This illustration was accompanied by a comment on the vicissitudes of bathing costumes:
Nothing could be prettier or more bewitching than the sight of a charming young woman in an elegant and tasteful bathing costume, as she trips over the sand from the dressing-house down to the water’s edge. . . .
But coming out! . . . Can it be that this dripping, bedraggled, forlorn object who comes slowly from the water is the nymph-like creature who excited such admiration a few minutes ago? What a laughable disillusion! . . .The pretty figures in the foreground of Mr. Winslow Homer’s charming picture are perhaps an exception to the general rule, and illustrate the advantages of a costume peculiarly adapted to a graceful exit from the bath.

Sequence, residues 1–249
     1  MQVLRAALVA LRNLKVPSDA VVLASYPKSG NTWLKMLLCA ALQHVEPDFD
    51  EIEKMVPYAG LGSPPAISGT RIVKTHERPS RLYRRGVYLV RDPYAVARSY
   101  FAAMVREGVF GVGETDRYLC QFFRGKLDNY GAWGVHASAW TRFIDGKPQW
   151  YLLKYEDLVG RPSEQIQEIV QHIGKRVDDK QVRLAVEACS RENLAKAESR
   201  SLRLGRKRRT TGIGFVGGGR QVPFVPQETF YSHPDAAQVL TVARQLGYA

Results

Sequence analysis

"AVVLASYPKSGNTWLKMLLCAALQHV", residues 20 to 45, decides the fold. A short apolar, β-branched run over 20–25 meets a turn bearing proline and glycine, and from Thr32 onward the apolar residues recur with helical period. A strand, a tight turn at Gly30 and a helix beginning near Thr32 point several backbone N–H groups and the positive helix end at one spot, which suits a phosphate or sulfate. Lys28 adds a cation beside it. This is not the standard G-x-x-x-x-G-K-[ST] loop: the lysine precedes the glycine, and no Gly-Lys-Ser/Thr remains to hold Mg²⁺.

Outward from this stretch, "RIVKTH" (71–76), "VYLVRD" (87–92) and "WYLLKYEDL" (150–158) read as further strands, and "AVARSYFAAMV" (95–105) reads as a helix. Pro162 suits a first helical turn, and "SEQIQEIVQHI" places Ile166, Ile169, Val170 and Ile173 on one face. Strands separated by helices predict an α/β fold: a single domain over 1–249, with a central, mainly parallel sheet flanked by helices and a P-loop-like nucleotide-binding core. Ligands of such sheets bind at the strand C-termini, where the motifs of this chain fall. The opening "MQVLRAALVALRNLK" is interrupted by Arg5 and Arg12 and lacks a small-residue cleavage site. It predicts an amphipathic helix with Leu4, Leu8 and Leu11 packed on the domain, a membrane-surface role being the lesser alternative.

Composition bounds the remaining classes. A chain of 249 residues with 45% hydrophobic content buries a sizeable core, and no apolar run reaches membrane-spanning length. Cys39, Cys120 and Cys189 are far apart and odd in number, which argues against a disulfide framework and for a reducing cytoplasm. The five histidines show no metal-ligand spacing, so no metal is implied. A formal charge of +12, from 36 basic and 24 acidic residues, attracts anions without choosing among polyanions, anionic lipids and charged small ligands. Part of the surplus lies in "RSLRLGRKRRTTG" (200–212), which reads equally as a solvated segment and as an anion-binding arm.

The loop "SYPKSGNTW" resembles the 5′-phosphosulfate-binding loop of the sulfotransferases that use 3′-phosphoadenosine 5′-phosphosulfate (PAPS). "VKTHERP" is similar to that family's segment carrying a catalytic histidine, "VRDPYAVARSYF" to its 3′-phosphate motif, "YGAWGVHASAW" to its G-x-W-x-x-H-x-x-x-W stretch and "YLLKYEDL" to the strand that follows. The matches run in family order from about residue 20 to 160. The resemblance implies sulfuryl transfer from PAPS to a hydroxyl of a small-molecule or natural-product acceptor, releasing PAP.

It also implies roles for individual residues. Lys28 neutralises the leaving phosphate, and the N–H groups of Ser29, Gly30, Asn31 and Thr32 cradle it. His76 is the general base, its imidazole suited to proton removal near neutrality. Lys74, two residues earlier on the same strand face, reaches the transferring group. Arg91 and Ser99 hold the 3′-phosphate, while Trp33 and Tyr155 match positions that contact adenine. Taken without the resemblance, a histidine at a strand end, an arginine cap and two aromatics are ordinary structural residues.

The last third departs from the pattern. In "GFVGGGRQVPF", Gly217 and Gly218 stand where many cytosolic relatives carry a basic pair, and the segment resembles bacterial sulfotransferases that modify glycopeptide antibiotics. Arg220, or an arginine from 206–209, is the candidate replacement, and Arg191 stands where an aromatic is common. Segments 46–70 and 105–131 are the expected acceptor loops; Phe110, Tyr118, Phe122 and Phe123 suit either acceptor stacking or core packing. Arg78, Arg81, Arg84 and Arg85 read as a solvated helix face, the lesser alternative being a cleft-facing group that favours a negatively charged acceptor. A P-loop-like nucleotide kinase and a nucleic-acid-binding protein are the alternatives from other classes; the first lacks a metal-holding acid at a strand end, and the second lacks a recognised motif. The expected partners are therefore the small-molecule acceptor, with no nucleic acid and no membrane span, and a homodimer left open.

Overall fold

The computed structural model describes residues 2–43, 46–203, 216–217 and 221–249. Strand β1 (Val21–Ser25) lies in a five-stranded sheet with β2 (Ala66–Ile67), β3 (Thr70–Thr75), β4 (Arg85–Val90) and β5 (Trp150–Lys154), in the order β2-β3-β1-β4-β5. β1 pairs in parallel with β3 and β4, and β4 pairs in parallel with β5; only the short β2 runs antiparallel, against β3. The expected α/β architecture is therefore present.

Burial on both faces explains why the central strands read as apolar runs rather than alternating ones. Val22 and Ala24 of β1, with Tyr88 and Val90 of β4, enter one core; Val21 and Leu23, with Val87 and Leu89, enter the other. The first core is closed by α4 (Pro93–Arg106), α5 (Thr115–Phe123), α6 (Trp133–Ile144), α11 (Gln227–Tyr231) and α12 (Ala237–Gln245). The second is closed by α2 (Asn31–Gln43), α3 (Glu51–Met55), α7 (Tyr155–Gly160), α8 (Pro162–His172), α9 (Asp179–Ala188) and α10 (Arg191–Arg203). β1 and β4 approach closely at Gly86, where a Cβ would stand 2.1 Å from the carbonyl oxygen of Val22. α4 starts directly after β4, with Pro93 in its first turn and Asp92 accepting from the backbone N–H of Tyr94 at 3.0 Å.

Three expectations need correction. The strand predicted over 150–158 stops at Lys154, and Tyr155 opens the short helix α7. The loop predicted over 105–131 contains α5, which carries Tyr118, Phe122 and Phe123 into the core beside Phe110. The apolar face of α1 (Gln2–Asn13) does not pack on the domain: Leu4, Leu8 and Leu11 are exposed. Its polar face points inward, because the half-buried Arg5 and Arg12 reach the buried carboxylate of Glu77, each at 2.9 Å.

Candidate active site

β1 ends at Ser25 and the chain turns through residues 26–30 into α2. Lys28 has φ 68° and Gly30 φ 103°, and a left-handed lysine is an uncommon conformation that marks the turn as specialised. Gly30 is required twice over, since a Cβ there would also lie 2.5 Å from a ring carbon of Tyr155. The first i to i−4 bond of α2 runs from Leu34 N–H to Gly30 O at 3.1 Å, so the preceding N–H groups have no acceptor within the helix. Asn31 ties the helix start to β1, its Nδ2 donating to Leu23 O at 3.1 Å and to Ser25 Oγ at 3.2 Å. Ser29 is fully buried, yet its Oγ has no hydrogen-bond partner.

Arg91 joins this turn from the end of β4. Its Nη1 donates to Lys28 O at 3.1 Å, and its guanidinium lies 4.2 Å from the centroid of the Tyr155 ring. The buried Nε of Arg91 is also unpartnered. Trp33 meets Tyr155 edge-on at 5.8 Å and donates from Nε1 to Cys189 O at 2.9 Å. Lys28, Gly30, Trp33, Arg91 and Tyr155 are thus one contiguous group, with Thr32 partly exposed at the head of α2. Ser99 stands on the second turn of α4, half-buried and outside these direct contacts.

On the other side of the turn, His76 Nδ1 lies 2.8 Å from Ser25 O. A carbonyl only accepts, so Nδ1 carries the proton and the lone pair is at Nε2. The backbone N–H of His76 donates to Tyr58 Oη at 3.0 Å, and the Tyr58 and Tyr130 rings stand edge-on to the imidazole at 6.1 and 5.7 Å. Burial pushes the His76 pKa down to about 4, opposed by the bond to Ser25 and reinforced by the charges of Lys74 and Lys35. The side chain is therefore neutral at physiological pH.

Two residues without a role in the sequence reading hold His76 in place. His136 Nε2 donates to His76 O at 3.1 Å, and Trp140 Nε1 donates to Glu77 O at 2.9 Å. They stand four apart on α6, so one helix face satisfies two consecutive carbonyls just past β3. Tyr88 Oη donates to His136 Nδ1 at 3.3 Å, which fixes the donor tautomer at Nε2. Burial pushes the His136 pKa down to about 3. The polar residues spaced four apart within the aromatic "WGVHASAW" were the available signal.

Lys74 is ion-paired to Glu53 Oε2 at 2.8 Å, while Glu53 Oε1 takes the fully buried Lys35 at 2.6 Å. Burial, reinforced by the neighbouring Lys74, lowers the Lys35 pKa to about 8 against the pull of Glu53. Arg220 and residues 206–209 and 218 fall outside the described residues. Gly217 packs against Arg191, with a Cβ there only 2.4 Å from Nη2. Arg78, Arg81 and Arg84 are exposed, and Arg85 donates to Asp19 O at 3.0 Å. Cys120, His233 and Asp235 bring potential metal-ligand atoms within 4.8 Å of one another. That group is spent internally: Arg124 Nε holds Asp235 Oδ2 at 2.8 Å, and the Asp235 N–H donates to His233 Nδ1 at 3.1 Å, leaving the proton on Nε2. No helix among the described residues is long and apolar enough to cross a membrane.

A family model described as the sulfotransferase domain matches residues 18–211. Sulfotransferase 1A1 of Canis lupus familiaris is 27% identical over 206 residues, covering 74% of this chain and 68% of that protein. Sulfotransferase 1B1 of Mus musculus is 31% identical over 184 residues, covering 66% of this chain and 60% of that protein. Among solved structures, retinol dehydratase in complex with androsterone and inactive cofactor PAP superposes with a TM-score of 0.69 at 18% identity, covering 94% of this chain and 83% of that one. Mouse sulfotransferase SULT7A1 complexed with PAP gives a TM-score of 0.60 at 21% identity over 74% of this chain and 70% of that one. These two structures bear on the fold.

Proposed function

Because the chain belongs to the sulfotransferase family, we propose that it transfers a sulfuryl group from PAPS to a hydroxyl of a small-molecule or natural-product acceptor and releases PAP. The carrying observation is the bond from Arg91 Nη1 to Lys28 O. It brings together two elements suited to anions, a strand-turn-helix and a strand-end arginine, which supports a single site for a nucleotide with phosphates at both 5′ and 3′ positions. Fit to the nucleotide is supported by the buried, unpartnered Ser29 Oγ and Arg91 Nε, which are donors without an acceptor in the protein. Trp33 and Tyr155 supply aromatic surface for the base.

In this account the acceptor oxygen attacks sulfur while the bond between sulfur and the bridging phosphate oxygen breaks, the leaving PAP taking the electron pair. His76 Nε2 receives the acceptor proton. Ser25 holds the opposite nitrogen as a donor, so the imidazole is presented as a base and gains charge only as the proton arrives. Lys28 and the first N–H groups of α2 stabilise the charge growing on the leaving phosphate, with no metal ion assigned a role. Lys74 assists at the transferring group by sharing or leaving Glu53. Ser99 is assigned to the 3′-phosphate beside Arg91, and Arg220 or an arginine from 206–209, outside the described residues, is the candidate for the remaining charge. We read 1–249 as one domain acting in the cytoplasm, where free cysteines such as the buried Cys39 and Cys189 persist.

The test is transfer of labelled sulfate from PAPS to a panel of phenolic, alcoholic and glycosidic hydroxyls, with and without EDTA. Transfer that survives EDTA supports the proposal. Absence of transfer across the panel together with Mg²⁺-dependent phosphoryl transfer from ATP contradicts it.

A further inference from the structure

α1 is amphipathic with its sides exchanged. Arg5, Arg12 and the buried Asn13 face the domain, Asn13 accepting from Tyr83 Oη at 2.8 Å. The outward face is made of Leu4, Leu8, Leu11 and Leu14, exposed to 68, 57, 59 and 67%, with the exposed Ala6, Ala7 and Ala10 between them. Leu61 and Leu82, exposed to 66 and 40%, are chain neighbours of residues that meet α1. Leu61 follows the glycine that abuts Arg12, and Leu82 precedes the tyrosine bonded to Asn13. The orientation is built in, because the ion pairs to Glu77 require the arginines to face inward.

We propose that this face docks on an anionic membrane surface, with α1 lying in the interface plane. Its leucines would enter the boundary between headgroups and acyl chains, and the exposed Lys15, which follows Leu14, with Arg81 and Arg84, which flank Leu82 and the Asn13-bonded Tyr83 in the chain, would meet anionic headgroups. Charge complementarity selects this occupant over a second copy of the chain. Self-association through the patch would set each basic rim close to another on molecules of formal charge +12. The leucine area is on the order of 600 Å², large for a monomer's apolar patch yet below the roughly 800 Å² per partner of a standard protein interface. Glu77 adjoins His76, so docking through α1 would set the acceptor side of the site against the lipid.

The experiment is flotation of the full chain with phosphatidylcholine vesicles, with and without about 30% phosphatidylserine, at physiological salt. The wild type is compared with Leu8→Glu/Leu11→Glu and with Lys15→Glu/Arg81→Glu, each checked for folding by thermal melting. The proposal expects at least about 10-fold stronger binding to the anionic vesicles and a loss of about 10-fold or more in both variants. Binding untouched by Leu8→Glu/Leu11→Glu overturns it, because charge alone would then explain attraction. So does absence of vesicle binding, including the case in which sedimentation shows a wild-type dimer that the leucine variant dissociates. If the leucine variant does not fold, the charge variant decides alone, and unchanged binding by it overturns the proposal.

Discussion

Image: 13 7/8 x 9 1/4 in. (35.2 x 23.5 cm)
Sheet: 16 x 10 7/8 in. (40.6 x 27.6 cm)
Frame: 22 3/4 x 16 3/4 x 1 1/2 in. (57.8 x 42.5 x 3.8 cm) (show scale)
Gift of Harvey Isbitts
Page from Harper's Weekly, August 16, 1873, vol. XVII, p. 668
Drawn by Winslow Homer, engraved by William H. Redding
This item is not on view
Winslow Homer (American, 1836-1910). The Bathers, 1873. Wood engraving, Image: 13 7/8 x 9 1/4 in. (35.2 x 23.5 cm). Brooklyn Museum, Gift of Harvey Isbitts, 1998.105.175 (Photo: Brooklyn Museum, 1998.105.175_bw.jpg)
overall, 1998.105.175_bw.jpg. Brooklyn Museum photograph
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